MSFS in the 1920s
The School of Foreign Service started in 1919 as an undergraduate degree program only. Shortly after its conception, the leaders of the school began to conceptualize a graduate degree program.
Their classes were all evening classes, as the program was created for working professionals. They met off-campus at a building downtown that was also used for the Law School.
The curriculum in the early days was targeted towards gaining expertise in specific international business areas, including shipping, trade, and consular focuses.
Class of 1922
The first graduating class of MSFS in 1922 was a class of ten men, most of whom grew up in affluent families in the northeast.
Frederick Gillis was born in Boston, Massachusetts, where he lived most of his life with his wife and six children. He received his BA from Boston University 1916, and his MA from the Catholic University of America in 1917. He then served as an infantry officer during World War. When he returned, he continued his education at Georgetown University’s newly established MSFS program.
After Georgetown, he worked as a commercial counselor for the Czechoslovak Legation in Washington, D.C. until 1923, then took a posting as the UN delegate to the International Congress in Guatemala.
He made his way back to his hometown to pursue a PhD in Philosophy at Boston College. Frederick Gillis was then a professor at Catholic University of America, Boston College, Teachers’ College of the City of Boston, Boston University, Regis College, and State Teachers’ College. He served as an instructor for the Massachusetts Department of Education, and a Director of Teacher Training in graduate school for Boston College. In 1935, he was appointed as the Assistant Superintendent of Boston Public Schools, where he served for 25 years until he was elected Superintendent in 1960. Throughout his career, He was notably on the progressive cusp of making education accessible to those with mental and physical disabilities. He contributed by establishing national teaching standards for Special Education. We are thankful for this Hoya’s legacy!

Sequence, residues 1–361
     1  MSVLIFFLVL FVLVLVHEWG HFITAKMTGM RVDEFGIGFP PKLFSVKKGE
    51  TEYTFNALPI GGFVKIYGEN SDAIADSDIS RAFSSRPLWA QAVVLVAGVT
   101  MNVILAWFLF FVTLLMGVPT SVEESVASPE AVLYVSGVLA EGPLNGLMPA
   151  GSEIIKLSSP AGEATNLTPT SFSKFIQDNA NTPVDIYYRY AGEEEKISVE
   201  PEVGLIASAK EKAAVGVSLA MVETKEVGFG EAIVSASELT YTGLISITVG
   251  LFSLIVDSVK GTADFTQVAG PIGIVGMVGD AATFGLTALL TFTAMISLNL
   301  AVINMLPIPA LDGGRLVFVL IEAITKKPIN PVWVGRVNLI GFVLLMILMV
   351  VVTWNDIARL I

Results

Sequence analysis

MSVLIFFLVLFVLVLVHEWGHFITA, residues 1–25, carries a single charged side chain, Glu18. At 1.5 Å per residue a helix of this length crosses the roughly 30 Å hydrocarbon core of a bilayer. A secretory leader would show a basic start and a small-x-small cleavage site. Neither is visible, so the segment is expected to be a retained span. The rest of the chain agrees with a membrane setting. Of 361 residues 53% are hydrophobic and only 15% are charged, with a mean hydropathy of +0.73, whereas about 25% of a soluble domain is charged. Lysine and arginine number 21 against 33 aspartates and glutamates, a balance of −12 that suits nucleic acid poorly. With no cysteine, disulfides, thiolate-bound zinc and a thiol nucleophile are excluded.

Herald Decourcey was born in Massachusetts, the son of a State Supreme Court Justice. He received his undergraduate degree from Harvard University before his service in World War I. He was in the American Ambulance Service embedded with the French Army. When he returned home, he attended Georgetown for his Masters of Foreign Service, receiving his diploma in 1922. He married his wife, Margaret, in 1923 and settled in Chevy Chase, MD, where they started their family.
Herald served as an assistant in the Bureau of Foreign and Domestic Commerce at the Department of Commerce after graduation. He eventually became a professor at Georgetown’s School of Foreign Service, specializing in classes on commercial law. He passed away after retirement at the age of 63 and is buried at Arlington Cemetery.
Raymond C. Miller
Raymond C. Miller hailed from Indiana, joining the Army during World War I as an Infantry Lieutenant. He served as a General’s aide and was later promoted to Captain. After his service, he moved to Washington, D.C. to attend classes at Georgetown, obtaining his MSFS degree in 1922.
Post-MSFS, Miller became an assistant professor at Georgetown and began a career at the Bureau of Foreign and Domestic Commerce, where he served as assistant chief of the European Division in 1924. He became the trade commissioner in Paris and afterwards was appointed commercial attaché in Brussels. After leaving the Department of Commerce in 1933, he served as the director of import-export relations in the office of the Special Advisor of the President on Foreign Trade. He was tasked with sorting foreign applications for importation of alcohol, a demanding role in post-prohibition America.
By 1944, after what already seems to have been an illustrious career, he joined the State Department’s Foreign Service, becoming the Inspector General in 1953. He remained in this position until his retirement in 1960.
He married his wife Louise in 1923 and they had two sons who later worked for the United States Information Agency and the other working for the Agency for International Development.